Rosewater

Rosewater

by Tade Thompson

Tade Thompson’s Rosewater is the start of an award-winning, cutting edge trilogy set in Nigeria, by one of science fiction’s most engaging new voices.
Rosewater is a town on the edge. A community formed around the edges of a mysterious alien biodome, its residents comprise the hopeful, the hungry and the helpless – people eager for a glimpse inside the dome or a taste of its rumored healing powers.

Kaaro is a government agent with a criminal past. He has seen inside the biodome, and doesn’t care to again — but when something begins killing off others like himself, Kaaro must defy his masters to search for an answer, facing his dark history and coming to a realization about a horrifying future.

thoughts on (3)

Hello!! Hello! I have been talking about this book ever since I started reading it, haven’t I? It’s because it totally deserves all the attention if I am being honest. When I requested it on NetGalley, I wasn’t aware of the fact that it was first published in 2016 or that this was the first part of the trilogy but hey, I don’t mind. I love trilogies.

Anyway, whenever I talked about the book, I said that this book gave off very Welcome to Night Vale vibes and that’s not totally wrong however there’s much more obvious horror and bloodshed in the book. I loved the way it was formatted as well. At first it was a bit confusing to understand what was really happening but in a few chapters, the pace and the plot started to work together for me. One thing that really stood out for me was the fact that it was based in America. Seriously, the sheer number of books set in a futuristic or even present America are more than enough to last a lifetime. No offence meant.

Reading about the setting in Nigeria really made all the difference for me. The book starts with giving us some vague facts, like the dome that came out of nowhere in Nigeria and how Rosewater formed around it like a donut. It was initially called Donut too. How the alien?? dome opened periodically and it would ‘heal’ people. However this healing wasn’t always for the good, sometimes, people would mutate into something else, the dead would be reanimated (not brought to life, merely machines?).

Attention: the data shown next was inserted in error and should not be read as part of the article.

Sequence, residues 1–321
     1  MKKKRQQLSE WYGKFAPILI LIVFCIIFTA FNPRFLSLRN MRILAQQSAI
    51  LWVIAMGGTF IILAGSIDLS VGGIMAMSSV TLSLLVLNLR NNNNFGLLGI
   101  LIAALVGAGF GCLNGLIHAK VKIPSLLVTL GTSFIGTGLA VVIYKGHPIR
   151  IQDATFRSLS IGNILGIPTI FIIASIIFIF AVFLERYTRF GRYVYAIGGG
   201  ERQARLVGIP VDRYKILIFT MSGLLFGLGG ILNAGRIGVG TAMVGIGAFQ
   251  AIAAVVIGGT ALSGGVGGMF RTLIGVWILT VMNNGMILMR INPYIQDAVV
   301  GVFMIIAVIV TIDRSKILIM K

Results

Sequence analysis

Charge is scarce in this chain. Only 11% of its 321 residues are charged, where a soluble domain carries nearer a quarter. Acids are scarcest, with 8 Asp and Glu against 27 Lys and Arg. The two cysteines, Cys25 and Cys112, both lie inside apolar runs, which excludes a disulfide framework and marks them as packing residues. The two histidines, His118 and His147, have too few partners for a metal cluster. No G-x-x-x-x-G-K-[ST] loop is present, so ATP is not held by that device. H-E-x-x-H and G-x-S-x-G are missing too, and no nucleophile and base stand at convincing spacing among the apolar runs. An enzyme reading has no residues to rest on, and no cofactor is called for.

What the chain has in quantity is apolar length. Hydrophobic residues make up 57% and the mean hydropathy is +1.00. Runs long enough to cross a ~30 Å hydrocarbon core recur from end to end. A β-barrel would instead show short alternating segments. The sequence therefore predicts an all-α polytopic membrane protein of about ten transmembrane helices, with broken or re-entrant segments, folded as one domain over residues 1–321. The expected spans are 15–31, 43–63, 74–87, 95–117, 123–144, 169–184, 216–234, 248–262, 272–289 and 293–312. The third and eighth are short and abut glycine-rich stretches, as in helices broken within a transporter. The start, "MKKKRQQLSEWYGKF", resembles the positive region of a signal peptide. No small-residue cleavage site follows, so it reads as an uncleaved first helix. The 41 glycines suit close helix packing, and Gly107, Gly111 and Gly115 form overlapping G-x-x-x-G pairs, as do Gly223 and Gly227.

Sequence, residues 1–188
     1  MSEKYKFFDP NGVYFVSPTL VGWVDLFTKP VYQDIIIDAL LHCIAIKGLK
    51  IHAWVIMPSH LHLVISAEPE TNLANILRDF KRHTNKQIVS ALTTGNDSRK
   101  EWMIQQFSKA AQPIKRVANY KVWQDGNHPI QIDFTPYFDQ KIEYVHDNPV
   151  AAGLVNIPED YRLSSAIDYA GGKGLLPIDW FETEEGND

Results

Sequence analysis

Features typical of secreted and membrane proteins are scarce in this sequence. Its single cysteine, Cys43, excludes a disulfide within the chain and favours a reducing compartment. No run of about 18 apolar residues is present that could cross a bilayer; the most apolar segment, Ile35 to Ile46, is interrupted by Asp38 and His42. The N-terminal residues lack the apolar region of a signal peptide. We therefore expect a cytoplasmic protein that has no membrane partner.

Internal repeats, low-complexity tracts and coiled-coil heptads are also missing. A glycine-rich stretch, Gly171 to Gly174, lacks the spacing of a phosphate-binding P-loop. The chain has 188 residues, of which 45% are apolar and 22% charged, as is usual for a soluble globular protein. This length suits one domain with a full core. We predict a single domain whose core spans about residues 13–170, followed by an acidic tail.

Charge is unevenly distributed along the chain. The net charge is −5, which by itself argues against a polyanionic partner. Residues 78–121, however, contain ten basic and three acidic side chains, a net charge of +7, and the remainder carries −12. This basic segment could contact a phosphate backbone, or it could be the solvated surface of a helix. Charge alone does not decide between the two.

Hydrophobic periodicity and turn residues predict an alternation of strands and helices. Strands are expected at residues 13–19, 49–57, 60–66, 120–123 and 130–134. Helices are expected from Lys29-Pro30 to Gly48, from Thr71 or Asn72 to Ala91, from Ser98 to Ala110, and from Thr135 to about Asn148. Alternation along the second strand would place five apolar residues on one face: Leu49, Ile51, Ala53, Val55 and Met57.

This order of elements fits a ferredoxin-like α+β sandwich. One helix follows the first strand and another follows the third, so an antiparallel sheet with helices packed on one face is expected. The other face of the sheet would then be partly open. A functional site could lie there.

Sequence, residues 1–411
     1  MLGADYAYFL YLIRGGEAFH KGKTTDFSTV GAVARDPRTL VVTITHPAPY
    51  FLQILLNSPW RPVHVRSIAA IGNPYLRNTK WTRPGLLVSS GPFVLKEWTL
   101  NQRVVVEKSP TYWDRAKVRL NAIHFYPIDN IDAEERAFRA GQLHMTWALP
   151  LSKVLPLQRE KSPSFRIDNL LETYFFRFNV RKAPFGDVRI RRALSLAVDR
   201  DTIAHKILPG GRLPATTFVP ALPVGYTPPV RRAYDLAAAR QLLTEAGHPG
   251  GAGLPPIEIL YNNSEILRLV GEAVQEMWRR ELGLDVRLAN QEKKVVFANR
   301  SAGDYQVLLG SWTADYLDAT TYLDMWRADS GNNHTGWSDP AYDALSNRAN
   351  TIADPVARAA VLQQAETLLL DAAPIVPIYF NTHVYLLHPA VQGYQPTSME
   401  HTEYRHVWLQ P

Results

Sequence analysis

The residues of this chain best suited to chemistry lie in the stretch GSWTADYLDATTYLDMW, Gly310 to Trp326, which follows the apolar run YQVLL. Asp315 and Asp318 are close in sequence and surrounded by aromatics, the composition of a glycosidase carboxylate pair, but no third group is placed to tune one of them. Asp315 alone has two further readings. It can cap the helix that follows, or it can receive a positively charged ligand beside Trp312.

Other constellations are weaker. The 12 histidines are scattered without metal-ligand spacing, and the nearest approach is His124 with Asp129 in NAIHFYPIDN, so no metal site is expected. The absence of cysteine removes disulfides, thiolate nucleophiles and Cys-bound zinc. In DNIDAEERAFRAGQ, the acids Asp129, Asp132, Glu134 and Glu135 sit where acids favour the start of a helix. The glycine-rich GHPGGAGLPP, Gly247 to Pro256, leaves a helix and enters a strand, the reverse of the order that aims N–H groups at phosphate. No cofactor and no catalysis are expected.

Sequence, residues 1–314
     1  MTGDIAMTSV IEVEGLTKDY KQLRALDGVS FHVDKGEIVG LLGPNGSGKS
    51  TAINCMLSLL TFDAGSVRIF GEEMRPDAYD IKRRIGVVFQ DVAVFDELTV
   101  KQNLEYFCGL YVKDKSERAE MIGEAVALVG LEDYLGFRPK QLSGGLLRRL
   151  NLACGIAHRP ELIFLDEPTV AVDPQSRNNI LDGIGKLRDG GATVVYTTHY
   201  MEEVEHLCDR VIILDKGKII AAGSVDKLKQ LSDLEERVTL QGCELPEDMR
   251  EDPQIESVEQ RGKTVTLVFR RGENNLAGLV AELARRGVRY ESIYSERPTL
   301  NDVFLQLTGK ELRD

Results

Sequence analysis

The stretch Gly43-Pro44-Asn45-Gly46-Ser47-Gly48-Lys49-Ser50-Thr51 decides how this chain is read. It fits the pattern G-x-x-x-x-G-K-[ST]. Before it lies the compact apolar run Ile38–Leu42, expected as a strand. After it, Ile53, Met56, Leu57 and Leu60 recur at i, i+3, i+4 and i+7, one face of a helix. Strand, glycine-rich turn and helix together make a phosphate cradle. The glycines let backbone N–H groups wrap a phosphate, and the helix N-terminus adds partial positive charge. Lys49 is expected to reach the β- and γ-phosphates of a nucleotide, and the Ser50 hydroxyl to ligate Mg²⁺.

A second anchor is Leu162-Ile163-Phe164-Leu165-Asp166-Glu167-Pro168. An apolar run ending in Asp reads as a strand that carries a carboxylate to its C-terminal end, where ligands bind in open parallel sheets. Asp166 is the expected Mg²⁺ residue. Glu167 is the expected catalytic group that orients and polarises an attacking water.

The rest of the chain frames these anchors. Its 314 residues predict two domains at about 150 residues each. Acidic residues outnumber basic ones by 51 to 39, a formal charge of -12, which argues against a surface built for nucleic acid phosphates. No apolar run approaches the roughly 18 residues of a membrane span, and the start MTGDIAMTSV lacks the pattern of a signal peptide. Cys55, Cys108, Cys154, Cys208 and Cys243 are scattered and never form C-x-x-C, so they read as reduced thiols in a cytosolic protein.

Because of this dome which is called ‘Utopicity’, there were some people which were affected by it in a different way. They were given certain extra senses, shall we say? Kaaro is one of those people, he is a Sensitive and the government has managed to bring all the special people together in a separate special department.  Kaaro can enter the Xenosphere and has been working for the government to stop people from stealing stuff from the banks and the government and such. However, all is not well in the Xenosphere, after a particularly deadly encounter with some people, he is informed that people like him, those with talents are dying mysteriously and he is one of the rare ones who is not affected.

Aside from all the drama that’s happening in Rosewater, Kaaro’s life is taking a dramatic turn as well, he’s met a woman he genuinely likes after a long time. When he enters the Xenosphere there’s someone calling out to him, a woman’s voice. That voice is sensual and makes him almost lose his mind in the Xenosphere. The mystery of what’s happening in his mind, along with what’s happening outside made me want to read it all in one sitting. (I didn’t manage it, real life didn’t let me.)

This book basically has it all. There’s an alien invasion, there are special powers, there’s political intrigue, crime and a revolution! All set in Nigeria in a future where everything’s flipped. I am not sure how to categorize this but if you love science fiction and horror along with some really interesting themes then this is the book for you. It’s gripping and engaging and frankly, I wasn’t expecting to like it as much as I did.

have feels about this book_

One thought on “Rosewater

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